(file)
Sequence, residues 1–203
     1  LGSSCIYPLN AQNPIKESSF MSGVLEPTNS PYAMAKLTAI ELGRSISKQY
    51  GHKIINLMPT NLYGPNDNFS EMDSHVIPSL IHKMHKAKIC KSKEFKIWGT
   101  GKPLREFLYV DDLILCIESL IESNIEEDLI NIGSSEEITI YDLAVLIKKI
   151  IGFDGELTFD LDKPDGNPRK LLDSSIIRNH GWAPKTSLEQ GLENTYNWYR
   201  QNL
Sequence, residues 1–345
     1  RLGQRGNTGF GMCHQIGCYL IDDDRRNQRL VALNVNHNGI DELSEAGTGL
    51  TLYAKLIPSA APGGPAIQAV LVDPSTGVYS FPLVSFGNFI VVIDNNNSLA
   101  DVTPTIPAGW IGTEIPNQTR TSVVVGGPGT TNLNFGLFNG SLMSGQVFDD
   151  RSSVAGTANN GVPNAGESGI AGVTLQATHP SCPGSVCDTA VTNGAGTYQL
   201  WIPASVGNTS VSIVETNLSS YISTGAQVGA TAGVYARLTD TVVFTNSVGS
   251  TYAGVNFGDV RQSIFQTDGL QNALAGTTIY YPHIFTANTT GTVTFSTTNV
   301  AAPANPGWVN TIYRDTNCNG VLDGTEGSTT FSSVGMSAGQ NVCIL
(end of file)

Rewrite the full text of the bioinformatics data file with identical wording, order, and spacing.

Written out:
Sequence, residues 1–203
     1  LGSSCIYPLN AQNPIKESSF MSGVLEPTNS PYAMAKLTAI ELGRSISKQY
    51  GHKIINLMPT NLYGPNDNFS EMDSHVIPSL IHKMHKAKIC KSKEFKIWGT
   101  GKPLREFLYV DDLILCIESL IESNIEEDLI NIGSSEEITI YDLAVLIKKI
   151  IGFDGELTFD LDKPDGNPRK LLDSSIIRNH GWAPKTSLEQ GLENTYNWYR
   201  QNL
Sequence, residues 1–345
     1  RLGQRGNTGF GMCHQIGCYL IDDDRRNQRL VALNVNHNGI DELSEAGTGL
    51  TLYAKLIPSA APGGPAIQAV LVDPSTGVYS FPLVSFGNFI VVIDNNNSLA
   101  DVTPTIPAGW IGTEIPNQTR TSVVVGGPGT TNLNFGLFNG SLMSGQVFDD
   151  RSSVAGTANN GVPNAGESGI AGVTLQATHP SCPGSVCDTA VTNGAGTYQL
   201  WIPASVGNTS VSIVETNLSS YISTGAQVGA TAGVYARLTD TVVFTNSVGS
   251  TYAGVNFGDV RQSIFQTDGL QNALAGTTIY YPHIFTANTT GTVTFSTTNV
   301  AAPANPGWVN TIYRDTNCNG VLDGTEGSTT FSSVGMSAGQ NVCIL